In a joint study between Elsenburg and the University of Stellenbosch, the question whether health problems immediately after calving affect milk yield negatively, was addressed between calving and 14 weeks thereafter. A total of 67 Holstein cows with more than one lactation was monitored daily during the first 10 days post calving for signs of lameness and retained placentas. Lameness was defined as any abnormality that caused cows to change their walking gait while retained placenta was defined as placental membranes visible in the vulva for at least 24hours after calving. Cows were assessed individually, after the morning milking session at 08h00, while being held in a head clamp. The rectal temperature of the cows was recorded for the first 10 days after calving and averaged for each cow. Following the 10 day post-calving monitoring period, cows were introduced to their respective lactation feeding programme until 14 weeks after calving. Milk yield and live weight were recorded daily using the Afikim milk recording system. Every five weeks, milk samples were collected and analysed to determine milk composition according to standard milk recording procedures. In the statistical analysis, the milk production of healthy cows was compared with cows showing lameness and/or retained placenta.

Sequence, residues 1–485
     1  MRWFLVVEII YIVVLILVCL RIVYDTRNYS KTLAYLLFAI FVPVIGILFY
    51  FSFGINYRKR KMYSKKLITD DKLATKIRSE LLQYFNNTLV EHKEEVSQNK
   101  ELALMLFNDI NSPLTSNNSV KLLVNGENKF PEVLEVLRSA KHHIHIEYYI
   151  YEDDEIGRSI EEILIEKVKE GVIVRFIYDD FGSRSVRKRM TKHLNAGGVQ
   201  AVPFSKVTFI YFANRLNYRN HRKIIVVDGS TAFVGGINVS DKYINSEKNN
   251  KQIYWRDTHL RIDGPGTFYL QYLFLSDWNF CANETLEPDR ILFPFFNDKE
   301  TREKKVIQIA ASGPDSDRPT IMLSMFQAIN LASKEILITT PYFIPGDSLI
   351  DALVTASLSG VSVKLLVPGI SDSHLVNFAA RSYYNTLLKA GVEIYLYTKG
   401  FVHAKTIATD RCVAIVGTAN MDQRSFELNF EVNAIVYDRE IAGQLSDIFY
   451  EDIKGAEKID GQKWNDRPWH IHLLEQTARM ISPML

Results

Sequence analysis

The 10-day averaged rectal temperature ranged between 38.1 to 39.2°C. Retained placentas and lameness after calving were clearly associated with higher rectal temperatures during the first 10 days post calving and with milk loss up to the 14 weeks of measurement. Milk composition, however, was not affected in cows with these health problems. The results suggest that milk loss, and therefore income, are highly likely to occur when cows experience lameness and/or retained placentas. It appears that the higher rectal temperature and milk loss can be related to the discomfort of lameness and the pain caused by uterine infection, which in this instance is associated with retained placentas.
Useni, B.H., Muller, C.J.C. & Cruywagen, C.W., 2013. The effect of early post calving health problems on the milk yield of Holstein dairy cows. SASAS Congress 2013, Salt Rock, KZN.